Do

Until 2007, Kristiansand was the site of the Quart Festival, a multi-day music festival - the largest of its kind in Norway. Other festivals have come and after selling only 2000 tickets for the 2008 event, the festival was cancelled. In 2009, the festival is once again in full swing with bigger and bands tipped to play. The management has changed back to people that had previously made the festival a big success.

  • University of Agder has its main campus at Gimlemoen just east of the town centre. The new campus was built at an old military camp, and the new building was finished in 2001. There are programs in nursing, teaching, languages, psychology, literature and arts, sports and health, mathematics and similar subjects, economics and politics. Just a few of the classes are taught in English.

There's also music education (both classical and pop/rock) at Musikkens hus (House of Music) in the town center. There's also several small, private higher education schools, among them a Christian journalism school at Gimlekollen.

  • Markens gate is the main shopping street in the town center. Most of the street is pedestrianized. Most of the shops are now chain stores, but it is still a busy and nice main shopping street. A few independent stores are still here. It's a central gathering place for most locals, and thus more than a shopping street.
  • Sørlandssenteret, Barstølveien 31, +47 38049100 (, fax: +47 38049200). M-F: 10AM-8PM, Sa: 10AM-6PM. Is located about 10 minutes' drive east of town, in a industrial area. It is just a run-of-the-mill shopping center, but can be a godsend for shopping when the weather turns nasty.  edit
  • Egon, (Connected to the Scandic Hotel). Serves nice food for a much better price/quality ratio. All kinds of dishes available, you do need to go to the bar to order.  edit
  • Sjøhuset, Østre strandgate 12 A (Is situated on a pier near the Nupen Park), +47 38026260 (fax: +47 38026202). Daily: 11AM-11PM. Is Kristiansand's main seafood restaurant.  edit
  • Pieder Ro, Gravane 10, +47 38100788 (fax: 47 38100803). M-F: 11:30AM-11PM, Sa: 4PM-11PM, Su: 1PM-11PM. Serves very nice fish dishes as well as the more traditional norwegian dishes, excellent quality and very nice location just southwest of the city center at the small harbour area near the fish market.  edit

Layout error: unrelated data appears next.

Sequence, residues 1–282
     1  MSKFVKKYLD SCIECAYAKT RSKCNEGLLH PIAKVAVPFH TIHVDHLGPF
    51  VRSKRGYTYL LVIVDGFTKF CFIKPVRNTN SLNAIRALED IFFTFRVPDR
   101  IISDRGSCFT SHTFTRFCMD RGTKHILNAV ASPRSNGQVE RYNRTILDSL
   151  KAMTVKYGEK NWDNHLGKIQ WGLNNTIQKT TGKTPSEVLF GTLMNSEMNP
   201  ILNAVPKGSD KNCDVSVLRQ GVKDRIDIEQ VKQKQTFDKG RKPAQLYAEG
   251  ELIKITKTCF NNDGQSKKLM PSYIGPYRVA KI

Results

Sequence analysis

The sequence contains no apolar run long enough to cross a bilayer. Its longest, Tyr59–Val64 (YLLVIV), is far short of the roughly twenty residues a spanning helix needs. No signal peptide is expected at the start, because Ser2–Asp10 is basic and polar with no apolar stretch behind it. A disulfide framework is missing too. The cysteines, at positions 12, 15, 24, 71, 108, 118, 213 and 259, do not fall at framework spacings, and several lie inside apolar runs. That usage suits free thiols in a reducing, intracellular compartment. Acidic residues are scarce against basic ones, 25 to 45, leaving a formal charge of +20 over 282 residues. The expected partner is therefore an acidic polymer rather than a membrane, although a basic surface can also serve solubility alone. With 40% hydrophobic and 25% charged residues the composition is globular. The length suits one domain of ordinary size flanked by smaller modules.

• Twist and Shout, Markens gate 13 (Next to McDonalds), +47 38108116. Downstairs bar with dance floor, main bar and tiki lounge. Beer is very expensive at all bars $10 for one beer. Good bar for a fun time on Friday and Saturday Nights.  edit
  • Harvey's Sportsbar, Tollbodgate 4 (Next to Bakgården), +47 38 07 23 05. 16-03. A popular american sportsbar, with a wide range of hamburgers and live sports. A crowded place during the weekends and Thursday nights (2 for 1).  edit

Sleep

For longer stays (2 night or more) consider renting an apartment, a house or a high quality cabin. Several agencies offer reservations on houses or cabins owned by farmers or other locals. This type of accommodation is frequently more interesting than a standard hotel. Look http://www.norwayguesthouse.com

  • Centrum Budget Hotel, Vestre Strandgate 49, +47 38701565 (, fax: +47 38024869), [7]. checkin: 4PM; checkout: Noon. Single 495, double 595.  edit
  • Hotell Sørlandet, Droningens gate 66, +47 38125400 (), [8].  edit
  • Thon Hotel Wergeland, Kirkegata 15, +47 38172040 (, fax: +47 38027321), [9]. Situated in the heart of Kristiansand, with the Wergeland Park, the cathedral and the market as its nearest neighbours. The hotel is only one block away from Markens, the most popular shopping street in Kristiansand.  edit
  • Scandic Hotel Kristiansand, Markensgate 39, +47 21614200 (, fax: + 47 21614211), [10]. Also in the heart of Kristiansand, nice staff and breakfast is always included in your rate. Bicycles available as well as free Wi-Fi in your room, or you can check your e-mail on one of the three computers in the lobby area for free.  edit
  • Clarion Hotel Ernst, Rådhusgate 2, +47 38 12 86 00, [12]. Recently renovated hotel. It is a modern first class hotel in the heart of the city centre. The hotel was built in 1858 and has long traditions as a hotel. Each room has a characteristic of its own, they may vary in size furnishing and decorations.  edit

Stay safe

Norway is a fairly safe country in general, and Kristiansand is no exception. Though you might wanna be extra careful at night in weekends, due to an occasional drunk youths stumbling around.

Cope

Kristiansand is nice small city, and almost every Norwegian speaks English more or less fluently. Most people will respond in English to any question you may have. Some Norwegians also speak some German, due to the proximity of the language, and that they study it in school. VISA and MasterCard are normally accepted in any restaurant, taxi or store. ATMs accept all major credit and debit cards and are available in English language. The currency is Norwegian kroner (crowns).

Routes through Kristiansand
Newcastle ← (unconnected) ←  W noframe E  ArendalOslo
StavangerMandal  N noframe S  HirtshalsAalborg
This is a usable article. It has information for getting in as well as some complete entries for restaurants and hotels. An adventurous person could use this article, but please plunge forward and help it grow!

Wiktionary

Up to date as of January 15, 2010

Definition from Wiktionary, a free dictionary

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Norwegian

Proper noun

Kristiansand

Kristiansand

  1. A municipality in Vest-Agder, Norway. The sixth-largest city in Norway.